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AMA 11th Referencing Guide

Referencing guide for the 11th Edition of AMA Style

Journal Article

Use this format if:

  • You have an article in a publication that is produced on a regular basis (a "serial" publication), such as a journal or magazine.

You will need (minimum information in bold):

  • Author(s)
  • Article title (in sentence case - not in italics)
  • Journal Abbreviation (in italics, in Title Case)
  • Year
  • Volume number
  • Issue number
  • Part or supplement (if relevant)
  • Inclusive page numbers
  • Accessed date (if online - only if using URL)
  • DOI or URL (if online)

Standard article pattern (print):

Author AA, Author BB. Title of article. Journal Abbreviation. Year;volume(issue):pp-pp.


  1. Chiang HC, Huang V, Cornelius LA. Cancer and itch. Semin Cutan Med Surg. 2011;30(2):107-112.
  2. Nejad AG, Kheradmand A. Five rare psychiatric syndromes co-occurring together. Neurosciences. 2009;14(1):91-3.
  3. Voigt C, Grasse P, Rex K, Hetz S, Speakman J. Bat breath reveals metabolic substrate use in free-ranging vampires. J Comp Physiol B. 2008;178(1):9-16.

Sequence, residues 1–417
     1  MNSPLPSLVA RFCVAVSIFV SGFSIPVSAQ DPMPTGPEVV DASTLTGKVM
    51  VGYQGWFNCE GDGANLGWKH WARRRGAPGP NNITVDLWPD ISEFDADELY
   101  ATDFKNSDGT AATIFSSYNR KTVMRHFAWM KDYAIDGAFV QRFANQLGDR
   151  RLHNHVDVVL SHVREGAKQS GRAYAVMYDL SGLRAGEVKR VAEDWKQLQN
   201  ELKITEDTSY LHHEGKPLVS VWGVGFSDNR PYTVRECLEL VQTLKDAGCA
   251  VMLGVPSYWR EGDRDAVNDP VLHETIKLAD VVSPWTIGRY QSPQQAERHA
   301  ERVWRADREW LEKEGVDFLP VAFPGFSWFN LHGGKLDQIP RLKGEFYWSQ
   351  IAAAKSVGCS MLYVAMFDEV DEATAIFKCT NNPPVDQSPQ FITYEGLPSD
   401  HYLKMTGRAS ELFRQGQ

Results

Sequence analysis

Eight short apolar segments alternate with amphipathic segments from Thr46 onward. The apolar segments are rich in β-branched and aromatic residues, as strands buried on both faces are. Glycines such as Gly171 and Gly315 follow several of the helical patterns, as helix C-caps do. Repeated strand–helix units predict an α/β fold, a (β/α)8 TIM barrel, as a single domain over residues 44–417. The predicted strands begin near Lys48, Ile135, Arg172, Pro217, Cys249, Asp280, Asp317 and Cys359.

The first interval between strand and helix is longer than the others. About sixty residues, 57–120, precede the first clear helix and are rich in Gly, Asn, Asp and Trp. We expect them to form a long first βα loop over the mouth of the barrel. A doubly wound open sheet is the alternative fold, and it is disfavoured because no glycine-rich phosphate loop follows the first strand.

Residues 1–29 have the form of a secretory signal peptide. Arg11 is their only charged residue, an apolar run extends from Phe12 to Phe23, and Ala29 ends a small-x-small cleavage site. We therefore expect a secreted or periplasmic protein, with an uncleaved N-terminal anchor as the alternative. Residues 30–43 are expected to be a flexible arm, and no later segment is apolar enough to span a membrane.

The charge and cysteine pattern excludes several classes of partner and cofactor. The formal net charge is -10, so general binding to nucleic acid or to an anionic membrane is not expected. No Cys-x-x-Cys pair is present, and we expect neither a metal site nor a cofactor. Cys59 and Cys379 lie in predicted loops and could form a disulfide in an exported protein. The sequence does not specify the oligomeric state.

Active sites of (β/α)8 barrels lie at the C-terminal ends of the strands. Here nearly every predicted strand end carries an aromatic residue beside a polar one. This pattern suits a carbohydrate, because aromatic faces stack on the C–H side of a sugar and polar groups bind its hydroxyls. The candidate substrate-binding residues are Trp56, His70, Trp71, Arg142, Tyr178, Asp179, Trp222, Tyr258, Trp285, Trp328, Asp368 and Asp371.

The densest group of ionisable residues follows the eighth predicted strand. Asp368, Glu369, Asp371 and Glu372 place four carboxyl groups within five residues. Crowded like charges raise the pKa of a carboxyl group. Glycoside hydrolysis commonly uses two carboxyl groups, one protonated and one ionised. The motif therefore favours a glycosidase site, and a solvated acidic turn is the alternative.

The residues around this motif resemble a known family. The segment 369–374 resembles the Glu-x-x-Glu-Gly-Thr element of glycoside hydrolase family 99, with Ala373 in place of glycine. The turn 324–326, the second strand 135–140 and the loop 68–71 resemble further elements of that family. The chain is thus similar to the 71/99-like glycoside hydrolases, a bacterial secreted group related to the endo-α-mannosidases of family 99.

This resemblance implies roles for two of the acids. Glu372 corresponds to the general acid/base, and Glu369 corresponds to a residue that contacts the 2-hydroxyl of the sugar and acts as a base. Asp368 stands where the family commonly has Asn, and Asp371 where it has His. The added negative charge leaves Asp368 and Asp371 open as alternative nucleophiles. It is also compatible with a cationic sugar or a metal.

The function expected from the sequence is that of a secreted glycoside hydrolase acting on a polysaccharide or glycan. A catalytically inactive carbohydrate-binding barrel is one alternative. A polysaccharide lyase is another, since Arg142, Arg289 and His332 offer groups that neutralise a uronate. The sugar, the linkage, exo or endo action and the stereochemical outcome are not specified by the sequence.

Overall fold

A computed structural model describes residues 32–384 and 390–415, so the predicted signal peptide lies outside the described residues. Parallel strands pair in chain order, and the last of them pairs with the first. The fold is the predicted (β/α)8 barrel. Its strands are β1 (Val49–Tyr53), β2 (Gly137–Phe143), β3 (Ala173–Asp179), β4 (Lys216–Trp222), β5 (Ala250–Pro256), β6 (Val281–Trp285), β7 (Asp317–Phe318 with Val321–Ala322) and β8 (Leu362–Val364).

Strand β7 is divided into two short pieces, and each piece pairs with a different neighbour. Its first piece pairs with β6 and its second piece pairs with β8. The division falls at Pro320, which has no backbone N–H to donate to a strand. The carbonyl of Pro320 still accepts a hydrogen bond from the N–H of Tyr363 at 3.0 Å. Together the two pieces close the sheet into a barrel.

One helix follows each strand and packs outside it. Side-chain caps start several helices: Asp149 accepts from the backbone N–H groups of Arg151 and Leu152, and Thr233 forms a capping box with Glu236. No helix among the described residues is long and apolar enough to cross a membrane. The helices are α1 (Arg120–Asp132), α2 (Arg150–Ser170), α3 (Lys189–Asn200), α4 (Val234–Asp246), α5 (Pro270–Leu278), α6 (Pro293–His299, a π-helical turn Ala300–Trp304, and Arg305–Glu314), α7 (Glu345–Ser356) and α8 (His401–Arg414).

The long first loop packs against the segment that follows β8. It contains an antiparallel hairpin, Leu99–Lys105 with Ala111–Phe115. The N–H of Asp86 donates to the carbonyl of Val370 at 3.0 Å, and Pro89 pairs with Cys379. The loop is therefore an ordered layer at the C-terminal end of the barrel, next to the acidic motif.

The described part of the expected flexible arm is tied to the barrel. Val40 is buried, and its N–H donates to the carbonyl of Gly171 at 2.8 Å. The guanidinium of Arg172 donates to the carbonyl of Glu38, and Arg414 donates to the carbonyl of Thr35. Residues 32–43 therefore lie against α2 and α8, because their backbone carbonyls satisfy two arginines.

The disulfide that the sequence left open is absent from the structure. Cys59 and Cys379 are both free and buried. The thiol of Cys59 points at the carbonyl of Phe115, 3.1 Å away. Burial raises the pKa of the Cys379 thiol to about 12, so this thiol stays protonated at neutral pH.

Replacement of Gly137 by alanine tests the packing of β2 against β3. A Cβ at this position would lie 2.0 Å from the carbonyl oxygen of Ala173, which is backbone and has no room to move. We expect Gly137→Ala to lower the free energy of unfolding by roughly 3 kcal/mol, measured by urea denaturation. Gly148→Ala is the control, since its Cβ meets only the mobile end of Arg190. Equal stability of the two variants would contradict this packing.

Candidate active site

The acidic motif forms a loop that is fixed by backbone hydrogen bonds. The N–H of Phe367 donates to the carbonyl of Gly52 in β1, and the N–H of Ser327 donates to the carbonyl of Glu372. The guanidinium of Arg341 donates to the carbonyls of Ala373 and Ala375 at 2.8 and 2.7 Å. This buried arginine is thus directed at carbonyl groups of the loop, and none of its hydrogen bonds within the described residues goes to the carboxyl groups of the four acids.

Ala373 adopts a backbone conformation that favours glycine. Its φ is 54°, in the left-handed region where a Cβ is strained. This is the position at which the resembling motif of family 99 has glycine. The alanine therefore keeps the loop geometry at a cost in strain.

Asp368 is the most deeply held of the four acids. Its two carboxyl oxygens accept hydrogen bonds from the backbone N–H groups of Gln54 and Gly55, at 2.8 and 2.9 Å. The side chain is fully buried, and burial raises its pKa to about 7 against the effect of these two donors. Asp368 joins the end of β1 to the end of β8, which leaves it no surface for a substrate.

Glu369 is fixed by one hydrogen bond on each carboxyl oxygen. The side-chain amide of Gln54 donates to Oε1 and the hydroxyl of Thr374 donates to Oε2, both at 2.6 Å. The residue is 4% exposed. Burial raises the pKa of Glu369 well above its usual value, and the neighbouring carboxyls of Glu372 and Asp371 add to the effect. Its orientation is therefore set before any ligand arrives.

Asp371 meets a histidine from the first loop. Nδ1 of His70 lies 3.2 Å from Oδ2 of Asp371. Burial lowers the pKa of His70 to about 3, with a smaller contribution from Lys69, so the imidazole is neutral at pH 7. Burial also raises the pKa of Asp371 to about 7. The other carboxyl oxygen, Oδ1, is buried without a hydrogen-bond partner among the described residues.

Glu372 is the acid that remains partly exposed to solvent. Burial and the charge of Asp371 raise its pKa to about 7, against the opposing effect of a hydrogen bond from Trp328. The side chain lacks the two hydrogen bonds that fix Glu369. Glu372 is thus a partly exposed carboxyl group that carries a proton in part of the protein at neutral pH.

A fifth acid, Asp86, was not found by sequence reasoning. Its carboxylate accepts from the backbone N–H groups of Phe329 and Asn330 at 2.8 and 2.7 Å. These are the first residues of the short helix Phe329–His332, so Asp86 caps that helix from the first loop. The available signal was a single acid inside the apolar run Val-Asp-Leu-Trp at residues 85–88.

Standard article pattern (electronic):

Author AA, Author BB. Title of article. Journal Abbreviation. Year;volume(issue):pp-pp. Accessed Month DD, YYYY. DOI or URL


  1. Economopoulos KJ, Brockmeier SF. Rotator cuff tears in overhead athletes. Clin Sports Med. 2012;31(4):675-692. doi:10.1016/j.csm.2012.07.005
  2. Finnan RP, Crosby LA. Partial-thickness rotator cuff tears. J Shoulder Elbow Surg. 2010;19(4):609-616. Accessed April 26, 2012.
  3. Ho DTN, Le TPT, Wolbers M, et al. Risk factors of Streptococcus suis infection in Vietnam. A case-control study. PLoS One. 2011;6(3):e17604. doi:10.1371/journal.pone.0017604


  • There are no spaces between the year, volume, issue number and page numbers.
  • Some online journals do not have page numbers. Use the article number instead. Reference 6 is an example.
  • If there is a DOI you should always include it at the end of the reference. 
  • You don't need to include a URL if there is a DOI, and you only need to include an Accessed date if you have used a URL.
  • There is no full stop after the DOI or URL

What's a DOI?  Read this explanation from Citing Medicine.

Journal abbreviations for AMA

Journal Abbreviations:

  • The Journal Abbreviations can be found by looking at the Journal Record in the NLMA catalogue (PubMed).  If your title is not in the PubMed catalogue, the AMA Handbook offers advice for abbreviating journal titles in Chapter 13. For words that aren't in Chapter 13's list, you can look up the keywords from the title in the NMLA catalogue or the CASSI search tool to see how other titles with the same word have been abbreviated.
  • One word titles are never abbreviated, and the complete title can always be used if an abbreviation cannot be found.

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